In an unusual last-minute edit that has drawn flak from the White House and science educators, a federal advisory committee omitted data on Americans’ knowledge of evolution and the big bang from a key report. The data shows that Americans are far less likely than the rest of the world to accept that humans evolved from earlier species and that the universe began with a big bang. …
“Discussing American science literacy without mentioning evolution is intellectual malpractice” that “downplays the controversy” over teaching evolution in schools, says Joshua Rosenau of the National Center for Science Education, a nonprofit that has fought to keep creationism out of the science classroom.
For nigh-30 years, the National Science Board’s Science and Engineering Indicators report has included survey data on civic science literacy, and these questions have been part of that package since the beginning. Jon Miller, who designed those questions, has explained his goal as asking questions that will be as relevant today as they will be in 100 years, a hard task but one necessary for long-term trend monitoring.
When the NSB was preparing the 2010 report, they put the same poll in the field, with questions about evolution and the big bang. The draft report sent around for internal administration review included a section discussing the results of those questions (Science has the censored chapter). At the last minute, John Bruer – the NSB member responsible for editing that chapter, decided to spike the discussion.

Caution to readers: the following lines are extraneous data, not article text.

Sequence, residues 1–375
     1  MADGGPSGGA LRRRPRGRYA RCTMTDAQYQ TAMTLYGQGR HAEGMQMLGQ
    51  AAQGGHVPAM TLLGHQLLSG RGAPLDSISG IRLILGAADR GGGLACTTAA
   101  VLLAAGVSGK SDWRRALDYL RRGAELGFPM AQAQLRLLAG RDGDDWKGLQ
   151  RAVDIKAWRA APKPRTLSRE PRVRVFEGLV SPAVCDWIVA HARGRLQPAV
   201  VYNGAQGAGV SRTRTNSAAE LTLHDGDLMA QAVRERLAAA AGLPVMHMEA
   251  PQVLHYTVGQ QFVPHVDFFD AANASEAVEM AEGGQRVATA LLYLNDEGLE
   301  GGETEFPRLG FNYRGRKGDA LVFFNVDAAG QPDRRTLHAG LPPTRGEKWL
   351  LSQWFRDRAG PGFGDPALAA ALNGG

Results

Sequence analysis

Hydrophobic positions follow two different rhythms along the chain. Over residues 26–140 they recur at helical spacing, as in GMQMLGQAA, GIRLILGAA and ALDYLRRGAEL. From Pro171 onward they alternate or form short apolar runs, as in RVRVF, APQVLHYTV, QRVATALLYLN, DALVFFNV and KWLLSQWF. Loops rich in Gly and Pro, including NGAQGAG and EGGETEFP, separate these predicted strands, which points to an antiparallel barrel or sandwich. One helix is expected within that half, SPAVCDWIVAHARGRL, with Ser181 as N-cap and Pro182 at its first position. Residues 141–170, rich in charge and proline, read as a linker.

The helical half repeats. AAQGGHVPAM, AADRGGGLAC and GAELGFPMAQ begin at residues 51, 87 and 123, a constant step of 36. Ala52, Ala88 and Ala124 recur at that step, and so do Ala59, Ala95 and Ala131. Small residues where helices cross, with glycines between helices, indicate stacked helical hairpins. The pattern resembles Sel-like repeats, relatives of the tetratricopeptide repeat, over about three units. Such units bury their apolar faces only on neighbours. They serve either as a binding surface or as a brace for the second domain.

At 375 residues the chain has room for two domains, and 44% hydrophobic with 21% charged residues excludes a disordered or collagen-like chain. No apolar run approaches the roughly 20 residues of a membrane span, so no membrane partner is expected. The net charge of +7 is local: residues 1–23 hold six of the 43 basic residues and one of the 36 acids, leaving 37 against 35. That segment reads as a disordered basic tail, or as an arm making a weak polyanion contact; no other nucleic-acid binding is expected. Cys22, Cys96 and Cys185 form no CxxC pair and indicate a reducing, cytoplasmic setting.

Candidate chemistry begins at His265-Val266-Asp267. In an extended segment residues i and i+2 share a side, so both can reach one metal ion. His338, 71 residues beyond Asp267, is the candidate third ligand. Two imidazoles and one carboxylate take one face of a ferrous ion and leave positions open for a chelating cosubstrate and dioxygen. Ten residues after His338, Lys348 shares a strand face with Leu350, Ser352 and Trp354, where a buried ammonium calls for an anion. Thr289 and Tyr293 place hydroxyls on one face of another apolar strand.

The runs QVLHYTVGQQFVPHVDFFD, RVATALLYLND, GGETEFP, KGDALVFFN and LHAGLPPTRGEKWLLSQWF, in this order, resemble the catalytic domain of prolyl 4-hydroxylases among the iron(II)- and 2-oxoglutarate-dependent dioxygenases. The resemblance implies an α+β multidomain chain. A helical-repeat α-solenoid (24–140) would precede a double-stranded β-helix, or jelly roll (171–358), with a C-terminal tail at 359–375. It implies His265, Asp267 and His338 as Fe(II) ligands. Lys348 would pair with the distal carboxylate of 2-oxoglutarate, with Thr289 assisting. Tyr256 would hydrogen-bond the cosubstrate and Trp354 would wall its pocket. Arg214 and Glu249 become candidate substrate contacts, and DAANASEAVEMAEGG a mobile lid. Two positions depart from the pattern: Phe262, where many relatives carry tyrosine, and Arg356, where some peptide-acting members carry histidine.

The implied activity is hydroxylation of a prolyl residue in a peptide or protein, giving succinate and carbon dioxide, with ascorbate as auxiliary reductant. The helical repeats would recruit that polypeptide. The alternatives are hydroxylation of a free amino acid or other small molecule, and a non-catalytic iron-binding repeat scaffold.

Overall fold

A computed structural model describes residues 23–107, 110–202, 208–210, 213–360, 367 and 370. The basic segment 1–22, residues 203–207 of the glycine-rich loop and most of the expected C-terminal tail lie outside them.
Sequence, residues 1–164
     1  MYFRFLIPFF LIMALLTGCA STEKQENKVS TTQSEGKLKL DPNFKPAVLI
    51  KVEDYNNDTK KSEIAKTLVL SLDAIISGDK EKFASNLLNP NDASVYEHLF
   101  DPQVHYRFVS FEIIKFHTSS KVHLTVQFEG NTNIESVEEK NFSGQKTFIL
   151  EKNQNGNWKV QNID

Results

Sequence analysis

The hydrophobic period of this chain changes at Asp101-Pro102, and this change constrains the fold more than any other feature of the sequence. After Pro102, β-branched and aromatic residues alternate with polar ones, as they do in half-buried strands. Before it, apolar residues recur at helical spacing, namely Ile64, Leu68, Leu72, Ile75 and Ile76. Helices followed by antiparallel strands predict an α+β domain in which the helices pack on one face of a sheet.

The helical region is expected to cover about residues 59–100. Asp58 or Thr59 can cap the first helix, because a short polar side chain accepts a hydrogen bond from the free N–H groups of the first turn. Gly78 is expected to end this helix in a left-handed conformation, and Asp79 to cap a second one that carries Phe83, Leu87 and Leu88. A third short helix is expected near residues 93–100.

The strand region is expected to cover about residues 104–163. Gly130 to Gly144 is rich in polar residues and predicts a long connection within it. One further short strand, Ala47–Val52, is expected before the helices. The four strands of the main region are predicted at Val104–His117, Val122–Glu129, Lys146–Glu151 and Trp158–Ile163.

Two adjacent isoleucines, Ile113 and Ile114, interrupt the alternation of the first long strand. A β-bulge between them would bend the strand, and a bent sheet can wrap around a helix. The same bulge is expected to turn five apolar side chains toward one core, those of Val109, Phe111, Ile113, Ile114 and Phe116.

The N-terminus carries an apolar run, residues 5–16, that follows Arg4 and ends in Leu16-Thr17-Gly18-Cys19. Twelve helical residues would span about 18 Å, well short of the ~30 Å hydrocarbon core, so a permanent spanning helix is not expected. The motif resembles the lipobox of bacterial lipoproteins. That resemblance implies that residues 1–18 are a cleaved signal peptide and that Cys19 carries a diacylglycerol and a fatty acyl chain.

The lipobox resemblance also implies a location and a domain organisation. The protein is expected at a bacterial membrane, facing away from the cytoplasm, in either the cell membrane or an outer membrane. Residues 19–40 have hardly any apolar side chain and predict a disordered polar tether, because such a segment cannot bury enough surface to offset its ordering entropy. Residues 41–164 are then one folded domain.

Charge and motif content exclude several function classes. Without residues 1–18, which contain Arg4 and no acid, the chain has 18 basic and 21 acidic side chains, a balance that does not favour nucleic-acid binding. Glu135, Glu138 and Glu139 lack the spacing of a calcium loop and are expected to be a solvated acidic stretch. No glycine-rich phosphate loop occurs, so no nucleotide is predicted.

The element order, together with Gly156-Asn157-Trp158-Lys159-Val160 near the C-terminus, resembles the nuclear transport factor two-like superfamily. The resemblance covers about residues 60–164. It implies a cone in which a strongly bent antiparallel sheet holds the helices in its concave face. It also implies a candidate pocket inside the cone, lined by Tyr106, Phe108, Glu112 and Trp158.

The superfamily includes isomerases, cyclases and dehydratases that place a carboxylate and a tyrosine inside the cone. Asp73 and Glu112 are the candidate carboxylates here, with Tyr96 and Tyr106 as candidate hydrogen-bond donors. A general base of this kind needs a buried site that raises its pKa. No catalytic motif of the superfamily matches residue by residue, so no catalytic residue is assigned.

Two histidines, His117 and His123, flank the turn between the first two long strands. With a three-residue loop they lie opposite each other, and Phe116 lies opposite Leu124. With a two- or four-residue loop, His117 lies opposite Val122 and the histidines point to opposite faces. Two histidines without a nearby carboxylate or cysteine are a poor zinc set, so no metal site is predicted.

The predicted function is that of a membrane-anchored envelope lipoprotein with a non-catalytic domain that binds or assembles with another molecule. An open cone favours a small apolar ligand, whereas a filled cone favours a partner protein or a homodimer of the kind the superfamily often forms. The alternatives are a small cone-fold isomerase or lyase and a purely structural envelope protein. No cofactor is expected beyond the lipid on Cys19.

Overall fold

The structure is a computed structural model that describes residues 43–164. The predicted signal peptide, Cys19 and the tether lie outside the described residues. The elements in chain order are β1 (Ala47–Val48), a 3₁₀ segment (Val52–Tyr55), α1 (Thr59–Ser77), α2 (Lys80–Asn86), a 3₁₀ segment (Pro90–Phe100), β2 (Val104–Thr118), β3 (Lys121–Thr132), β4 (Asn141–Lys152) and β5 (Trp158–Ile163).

He and another NSB member defend the decision. Bruer told Science “his reservations about the two survey questions dated back to 2007, when he was the lead reviewer for the same chapter in the 2008 Indicators. He calls the survey questions ‘very blunt instruments not designed to capture public understanding’ of the two topics.” Louis Lanzerotti, the chair of the NSB’s Science and Engineering Indicators Committee, added that these questions are “flawed indicators of scientific knowledge because responses conflated knowledge and beliefs.”
These arguments just don’t hold water. If Bruer had a problem with this 3 years ago, he had time to devise a new question in time for the 2010 report. Lanzerotti insisted that “officials had not had a chance to alter the questions because the volume of work that goes into producing the Indicators is ‘vast,’ unlike ‘writing a 2000-word news article.'” Which is all well and good, but Yudhijit wrote this article over the course of 2-3 weeks, while Bruer had 2-3 years. And the notion that asking people whether “humans as we know them have developed from earlier species of animals” is a question that “conflates knowledge and beliefs” is bull. By that standard, a question that asks whether the continents have moved from their current position over millions of years” would also measure beliefs rather than knowledge, but that question’s responses were still reported.
And even if the question were flawed (a position that Matt Nisbet defends), this is the wrong way to fix it. Evolution is the central organizing principle in biology. Biologists know that “nothing in biology makes sense except in the light of evolution.” And biologists and anyone else aware of American politics knows that evolution is a contentious issue in American public life. Those two facts mean that any discussion of American attitudes and knowledge on science which omits any mention at all of evolution cannot be complete or adequate. This is why I called it “intellectual malpractice.” If the question is flawed, replace it with a better question, and do it in a way that maintains data continuity. Survey researchers have established protocols to do exactly that. According to Tom Smith of the National Opinion